Fixating on appearances—their looks, behavior, ways of speaking—we peg them as certain types. They are HIV positive or an alcoholic, a leftist or fundamentalist, a criminal or power-monger, a feminist or do-gooder. Sometimes our type-casting has more to do with temperament—the person is boring or narcissistic, needy or pushy, anxious or depressed. Whether extreme or subtle, typing others makes the real human invisible to our eyes and closes our heart.

Once someone is an unreal other, we lose sight of how they hurt. Because we don’t experience them as feeling beings, we not only ignore them, we can inflict pain on them without compunction. Not seeing that others are real leads to a father disowning his son for being gay, divorced parents using their children as weapons. All the enormous suffering of violence and war comes from our basic failure to see that others are real.

In teaching the compassion practices, I sometimes ask students to bring to mind someone they see regularly but are not personally involved with. Then I invite them to consider, “What does he or she need?” “What does this person fear?” “What is life like for this person?”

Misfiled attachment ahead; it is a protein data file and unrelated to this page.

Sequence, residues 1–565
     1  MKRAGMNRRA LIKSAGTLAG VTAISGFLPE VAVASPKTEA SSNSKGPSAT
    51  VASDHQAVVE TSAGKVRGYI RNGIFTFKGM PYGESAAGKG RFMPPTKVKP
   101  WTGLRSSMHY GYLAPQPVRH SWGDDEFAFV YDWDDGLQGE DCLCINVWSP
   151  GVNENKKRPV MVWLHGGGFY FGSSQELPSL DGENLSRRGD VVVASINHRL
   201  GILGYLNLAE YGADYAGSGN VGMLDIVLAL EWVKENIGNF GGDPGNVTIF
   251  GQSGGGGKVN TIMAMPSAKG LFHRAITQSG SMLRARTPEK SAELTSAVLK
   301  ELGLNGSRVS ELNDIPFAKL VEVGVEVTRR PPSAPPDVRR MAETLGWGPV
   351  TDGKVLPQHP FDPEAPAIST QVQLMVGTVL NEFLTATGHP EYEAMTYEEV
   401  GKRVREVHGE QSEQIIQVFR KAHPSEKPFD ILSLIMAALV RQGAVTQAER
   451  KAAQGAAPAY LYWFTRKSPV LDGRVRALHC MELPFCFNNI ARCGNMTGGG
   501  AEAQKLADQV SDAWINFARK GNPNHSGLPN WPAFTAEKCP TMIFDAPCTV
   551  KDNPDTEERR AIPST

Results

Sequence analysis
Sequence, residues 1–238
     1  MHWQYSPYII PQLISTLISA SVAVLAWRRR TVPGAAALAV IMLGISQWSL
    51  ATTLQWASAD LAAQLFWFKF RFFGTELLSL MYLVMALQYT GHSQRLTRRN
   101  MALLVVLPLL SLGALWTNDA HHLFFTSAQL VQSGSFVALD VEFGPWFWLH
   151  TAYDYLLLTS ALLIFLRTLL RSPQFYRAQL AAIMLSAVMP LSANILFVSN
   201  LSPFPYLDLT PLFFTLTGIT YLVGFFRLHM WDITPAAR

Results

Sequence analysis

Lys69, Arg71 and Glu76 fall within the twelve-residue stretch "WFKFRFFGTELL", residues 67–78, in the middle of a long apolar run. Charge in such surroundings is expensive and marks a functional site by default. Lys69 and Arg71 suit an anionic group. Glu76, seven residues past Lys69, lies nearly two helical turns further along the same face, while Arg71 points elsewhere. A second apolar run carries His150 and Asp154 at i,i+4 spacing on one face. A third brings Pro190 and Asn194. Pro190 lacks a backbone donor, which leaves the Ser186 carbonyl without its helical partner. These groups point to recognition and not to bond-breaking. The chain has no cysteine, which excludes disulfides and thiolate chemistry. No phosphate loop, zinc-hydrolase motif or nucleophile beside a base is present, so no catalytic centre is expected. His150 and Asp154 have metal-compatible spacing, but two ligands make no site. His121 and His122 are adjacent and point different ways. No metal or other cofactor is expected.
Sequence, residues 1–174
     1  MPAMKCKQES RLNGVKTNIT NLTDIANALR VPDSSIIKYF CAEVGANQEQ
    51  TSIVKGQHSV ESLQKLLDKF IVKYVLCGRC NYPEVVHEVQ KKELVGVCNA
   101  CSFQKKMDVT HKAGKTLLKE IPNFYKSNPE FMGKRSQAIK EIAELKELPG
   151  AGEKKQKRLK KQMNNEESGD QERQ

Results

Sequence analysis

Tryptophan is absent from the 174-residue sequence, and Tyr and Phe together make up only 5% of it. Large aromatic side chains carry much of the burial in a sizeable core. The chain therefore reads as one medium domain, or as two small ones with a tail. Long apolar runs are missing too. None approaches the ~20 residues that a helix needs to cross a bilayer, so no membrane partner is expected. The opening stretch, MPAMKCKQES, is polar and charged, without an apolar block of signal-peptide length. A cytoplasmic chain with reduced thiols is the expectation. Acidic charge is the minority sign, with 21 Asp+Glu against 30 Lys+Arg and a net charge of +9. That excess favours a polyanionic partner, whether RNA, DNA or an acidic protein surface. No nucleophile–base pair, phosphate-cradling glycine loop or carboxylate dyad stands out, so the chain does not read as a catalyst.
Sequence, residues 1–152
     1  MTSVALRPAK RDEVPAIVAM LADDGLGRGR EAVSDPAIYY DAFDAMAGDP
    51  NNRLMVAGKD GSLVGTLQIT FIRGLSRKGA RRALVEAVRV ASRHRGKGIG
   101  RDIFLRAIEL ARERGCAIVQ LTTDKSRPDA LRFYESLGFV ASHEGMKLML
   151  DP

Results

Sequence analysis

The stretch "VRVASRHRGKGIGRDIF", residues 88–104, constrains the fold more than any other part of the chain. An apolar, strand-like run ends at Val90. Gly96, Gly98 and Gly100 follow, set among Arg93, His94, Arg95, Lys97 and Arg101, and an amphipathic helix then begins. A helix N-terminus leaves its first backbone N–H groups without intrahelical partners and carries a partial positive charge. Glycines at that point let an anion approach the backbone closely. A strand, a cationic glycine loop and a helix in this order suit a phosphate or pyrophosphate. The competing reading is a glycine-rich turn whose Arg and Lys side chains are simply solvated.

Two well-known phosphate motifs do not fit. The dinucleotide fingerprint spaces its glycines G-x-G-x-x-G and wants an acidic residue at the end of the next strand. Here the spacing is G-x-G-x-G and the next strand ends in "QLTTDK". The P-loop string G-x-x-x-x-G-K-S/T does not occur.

After one of these meditations, a student approached me to report that a wonderful thing had happened since she’d begun doing this practice. When seeing colleagues at work, neighbors walking their dogs, clerks at stores, she’d been saying in her mind, “You are real. You are real.”

Rather than being backdrops for her life, she was finding them come alive to her. She’d notice a gleam of curiosity in the eyes, a generous smile, an anxious grinding of teeth, a disappointed and resigned slope to the shoulders, the sorrow in a downcast look. If she stayed a moment longer, she could also feel their shyness, their awkwardness, or their fear. She told me, “The more real they are to me, the more real and warm and alive I feel. I feel a closeness in just being humans together. It doesn’t matter who they are … I feel like I can accept them as part of my world.”

When we stop to attend and see others as real, we uncover the hidden bond that exists between all beings. In her poem “Kindness,” Naomi Shihab Nye writes:

Before you learn the tender gravity of kindness
you must travel where the Indian in a white poncho
lies dead by the side of the road.
You must see how this could be you,
how he too was someone
who journeyed through the night with plans
and the simple breath that kept him alive.

We are all journeying through the night with plans, breathing in and out this mysterious life. And, as my student discovered through her practice , the more we can learn to pay attention to others, and truly see them as “real,” just like us, the more we can allow the “tender gravity of kindness” to naturally awaken and bloom.

Adapted from Radical Acceptance, 2013

Read more from Tara at her blog. TARA BRACH